Qigong for Fibromyalgia: a Quantitative and Qualitative Study

In a 2013 article in the journal Evidence-Based Complementary and Alternative Medicine entitled 'Extension trial of qigong for fibromyalgia: a quantitative and qualitative study' researchers found that qigong practice "led to significant improvements in pain, impact, sleep, and physical function" for subjects suffering from fibromyalgia.

The article describes qigong as follows:

"Qigong, which means the cultivation of qi or the energetic essence of the human being, has a long history extending thousands of years, is part of contemporary Traditional Chinese Medicine and constitutes a distinct approach to healing. Qigong practice (internal qigong) involves physical movements and postures, breathing practices, and meditative techniques, and there are many forms. Multiple forms of qigong are now practiced in many countries, and there is an emerging literature reporting health benefits in several chronic health conditions. More recently, qigong has been characterized as “mindful exercise” or “meditative movement” and this provides domains in which components of the practice can be considered."

The authors describe the benefits of qigong practice as it relates to fibromyalgia as follows:

"Fibromyalgia is a chronic pain condition associated with sleep and mood disturbances and diminished quality of life. In 2008, a Swedish study reported long-term benefits in pain, sleep, and psychological function in fibromyalgia in a controlled study involving daily practice of qigong for 7 weeks. In Nova Scotia, following completion of a pilot trial involving a similar regimen, we conducted a controlled trial of Chaoyi Fanhuan Qigong (CFQ) for fibromyalgia in which subjects were trained in level 1 CFQ movements, practiced daily for 8 weeks, and were encouraged to continue practice for 6 months. Wait list subjects served as a control group and underwent instruction and practice at the end of the wait time. In both cohorts (immediate, delayed), there were significant improvements in pain, impact, sleep, physical function, and mental function, and benefits were maintained to 6 months. Following that trial, some subjects (N = 10) voluntarily undertook level 2 CFQ training (meditation) in the community, continued their practice, and were known, anecdotally, to be experiencing further health improvements. Furthermore, cases of marked benefits in fibromyalgia in those undertaking community-based training and engaging in extensive CFQ practice were documented."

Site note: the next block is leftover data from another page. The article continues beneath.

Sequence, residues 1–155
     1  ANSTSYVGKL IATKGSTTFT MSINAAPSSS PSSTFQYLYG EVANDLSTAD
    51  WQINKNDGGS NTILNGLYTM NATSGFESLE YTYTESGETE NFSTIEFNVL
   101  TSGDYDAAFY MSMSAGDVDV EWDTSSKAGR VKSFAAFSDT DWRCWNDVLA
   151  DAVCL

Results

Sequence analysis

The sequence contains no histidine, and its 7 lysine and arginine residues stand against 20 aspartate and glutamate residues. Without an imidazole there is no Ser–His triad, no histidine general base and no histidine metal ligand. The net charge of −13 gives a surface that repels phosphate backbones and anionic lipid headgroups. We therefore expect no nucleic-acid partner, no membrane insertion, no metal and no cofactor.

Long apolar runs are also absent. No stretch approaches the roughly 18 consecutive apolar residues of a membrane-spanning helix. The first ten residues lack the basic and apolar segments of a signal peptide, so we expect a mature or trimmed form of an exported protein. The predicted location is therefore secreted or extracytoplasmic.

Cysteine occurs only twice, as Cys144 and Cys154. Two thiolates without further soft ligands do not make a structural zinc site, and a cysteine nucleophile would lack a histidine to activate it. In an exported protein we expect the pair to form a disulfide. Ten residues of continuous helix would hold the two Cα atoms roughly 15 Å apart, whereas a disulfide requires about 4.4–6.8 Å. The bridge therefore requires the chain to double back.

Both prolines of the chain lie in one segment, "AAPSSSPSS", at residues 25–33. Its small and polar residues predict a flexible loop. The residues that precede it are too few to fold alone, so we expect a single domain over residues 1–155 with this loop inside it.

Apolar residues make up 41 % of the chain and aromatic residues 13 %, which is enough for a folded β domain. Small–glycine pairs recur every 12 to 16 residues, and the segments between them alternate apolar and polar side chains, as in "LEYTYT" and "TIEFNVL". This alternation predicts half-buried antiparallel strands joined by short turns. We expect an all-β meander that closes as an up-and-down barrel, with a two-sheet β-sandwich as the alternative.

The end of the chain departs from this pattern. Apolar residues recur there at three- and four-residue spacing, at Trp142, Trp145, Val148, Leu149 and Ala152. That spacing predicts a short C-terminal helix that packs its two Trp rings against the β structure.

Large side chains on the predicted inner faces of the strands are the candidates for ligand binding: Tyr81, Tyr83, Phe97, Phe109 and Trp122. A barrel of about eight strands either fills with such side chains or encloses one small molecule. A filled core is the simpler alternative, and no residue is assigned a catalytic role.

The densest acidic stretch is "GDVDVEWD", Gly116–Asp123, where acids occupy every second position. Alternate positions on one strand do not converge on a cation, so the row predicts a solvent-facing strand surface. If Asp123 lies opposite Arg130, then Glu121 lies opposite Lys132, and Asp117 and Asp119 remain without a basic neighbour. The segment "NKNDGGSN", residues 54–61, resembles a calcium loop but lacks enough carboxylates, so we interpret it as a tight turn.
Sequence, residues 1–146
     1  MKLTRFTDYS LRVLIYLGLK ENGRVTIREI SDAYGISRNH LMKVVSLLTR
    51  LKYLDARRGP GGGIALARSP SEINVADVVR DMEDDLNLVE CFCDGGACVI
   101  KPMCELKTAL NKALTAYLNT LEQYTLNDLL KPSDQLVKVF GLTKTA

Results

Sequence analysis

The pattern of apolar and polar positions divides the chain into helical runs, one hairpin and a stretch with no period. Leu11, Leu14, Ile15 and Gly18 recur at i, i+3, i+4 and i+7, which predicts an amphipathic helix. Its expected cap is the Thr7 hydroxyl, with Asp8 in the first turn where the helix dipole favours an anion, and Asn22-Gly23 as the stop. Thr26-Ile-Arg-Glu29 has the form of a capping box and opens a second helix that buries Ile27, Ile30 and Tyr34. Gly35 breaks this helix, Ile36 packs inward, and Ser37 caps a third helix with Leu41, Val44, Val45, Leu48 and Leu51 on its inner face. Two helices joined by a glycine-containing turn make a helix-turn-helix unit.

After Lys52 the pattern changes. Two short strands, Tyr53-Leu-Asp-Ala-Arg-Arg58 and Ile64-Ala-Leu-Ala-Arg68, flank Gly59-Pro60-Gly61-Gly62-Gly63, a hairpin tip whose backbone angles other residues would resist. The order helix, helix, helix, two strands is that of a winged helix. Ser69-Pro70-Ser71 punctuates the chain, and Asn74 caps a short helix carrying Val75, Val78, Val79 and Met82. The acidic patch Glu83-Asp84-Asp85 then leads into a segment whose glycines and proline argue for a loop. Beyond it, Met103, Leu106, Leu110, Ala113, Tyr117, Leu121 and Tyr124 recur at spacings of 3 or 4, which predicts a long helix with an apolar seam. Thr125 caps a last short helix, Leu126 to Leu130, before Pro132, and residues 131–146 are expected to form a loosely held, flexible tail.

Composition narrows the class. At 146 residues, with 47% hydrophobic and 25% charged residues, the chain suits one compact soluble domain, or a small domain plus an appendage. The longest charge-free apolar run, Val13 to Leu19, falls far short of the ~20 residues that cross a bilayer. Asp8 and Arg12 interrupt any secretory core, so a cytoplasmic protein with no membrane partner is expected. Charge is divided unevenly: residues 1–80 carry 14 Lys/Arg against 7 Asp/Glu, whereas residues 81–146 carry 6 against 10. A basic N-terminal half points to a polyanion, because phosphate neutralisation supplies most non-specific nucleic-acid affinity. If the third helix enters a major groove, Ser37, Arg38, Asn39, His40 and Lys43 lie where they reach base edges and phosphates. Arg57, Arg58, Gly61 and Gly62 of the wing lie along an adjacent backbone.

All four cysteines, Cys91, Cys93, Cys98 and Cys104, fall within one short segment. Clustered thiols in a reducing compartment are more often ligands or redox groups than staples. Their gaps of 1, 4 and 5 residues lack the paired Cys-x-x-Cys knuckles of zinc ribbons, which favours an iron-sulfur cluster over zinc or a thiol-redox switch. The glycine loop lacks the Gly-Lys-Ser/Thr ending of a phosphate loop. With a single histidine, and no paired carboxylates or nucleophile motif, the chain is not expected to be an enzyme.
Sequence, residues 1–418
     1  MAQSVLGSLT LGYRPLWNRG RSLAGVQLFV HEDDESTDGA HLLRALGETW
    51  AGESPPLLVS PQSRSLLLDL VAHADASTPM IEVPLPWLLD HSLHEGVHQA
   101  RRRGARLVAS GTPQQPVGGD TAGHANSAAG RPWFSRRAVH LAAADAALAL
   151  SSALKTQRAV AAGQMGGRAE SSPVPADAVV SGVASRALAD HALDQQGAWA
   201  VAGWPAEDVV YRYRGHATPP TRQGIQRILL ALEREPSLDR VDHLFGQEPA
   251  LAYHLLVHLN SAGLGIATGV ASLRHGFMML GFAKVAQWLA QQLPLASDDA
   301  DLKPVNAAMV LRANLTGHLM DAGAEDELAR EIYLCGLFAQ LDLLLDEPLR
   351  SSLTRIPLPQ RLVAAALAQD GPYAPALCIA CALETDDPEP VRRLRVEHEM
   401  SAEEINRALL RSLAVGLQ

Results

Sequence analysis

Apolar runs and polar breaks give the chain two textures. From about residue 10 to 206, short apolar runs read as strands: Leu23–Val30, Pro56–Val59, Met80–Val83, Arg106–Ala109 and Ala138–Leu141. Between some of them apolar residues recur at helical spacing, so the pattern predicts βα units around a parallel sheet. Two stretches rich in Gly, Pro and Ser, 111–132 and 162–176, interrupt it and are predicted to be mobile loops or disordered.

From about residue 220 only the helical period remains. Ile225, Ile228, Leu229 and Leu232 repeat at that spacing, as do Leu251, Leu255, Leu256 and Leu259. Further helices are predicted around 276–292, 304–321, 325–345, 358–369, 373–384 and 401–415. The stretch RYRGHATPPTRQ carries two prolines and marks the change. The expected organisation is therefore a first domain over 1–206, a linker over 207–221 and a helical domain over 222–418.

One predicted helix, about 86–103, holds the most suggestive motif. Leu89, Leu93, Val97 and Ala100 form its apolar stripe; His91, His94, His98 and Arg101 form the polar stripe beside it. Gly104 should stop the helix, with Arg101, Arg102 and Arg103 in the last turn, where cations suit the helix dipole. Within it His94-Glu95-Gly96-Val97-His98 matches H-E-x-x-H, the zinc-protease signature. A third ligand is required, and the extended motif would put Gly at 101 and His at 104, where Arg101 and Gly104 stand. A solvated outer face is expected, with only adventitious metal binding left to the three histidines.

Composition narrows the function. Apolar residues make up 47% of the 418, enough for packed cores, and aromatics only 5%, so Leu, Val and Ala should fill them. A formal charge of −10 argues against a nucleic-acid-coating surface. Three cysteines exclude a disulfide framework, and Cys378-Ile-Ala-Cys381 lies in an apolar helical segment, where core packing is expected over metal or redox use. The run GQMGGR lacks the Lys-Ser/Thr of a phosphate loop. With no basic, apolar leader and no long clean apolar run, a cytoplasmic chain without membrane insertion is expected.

Here are some comments from some of the participants in the study:

"Less pain, more relaxed, slept better, increased energy. [With level 2] when practice diligently, experience calmness, less pain, better sleep; when skip practice, am angry, tired, and [have] major migraines."

"Allergies are much better, pain is reduced, much happier and more at peace. Can deal with stress better. [With level 2] quality of sleep has improved, pain reduced further."

"At the beginning was using a walker and then a cane; now walk without a cane. Was depressed and felt hopeless about my health, now feel grounded and peaceful. Have reduced amount of medication by half. Have lost 135 pounds on my journey with the practice as well. [With level 2] greater personal peace."

"Biggest thing is mood; from attempting suicide to having hope. Mobility much better, less pain. Able to tolerate things. Like a weight has been lifted off my shoulders. [With level 2] deeper understanding of energy flows, blockages which cause pain. Ability (sometimes) to let the pain come and focus on something else."

"Improved sleep, decreased pain, more calm and peaceful. [With level 2] allergies improved, fewer sinus headaches and infections. Happier and deal with stressful situations with increased calmness."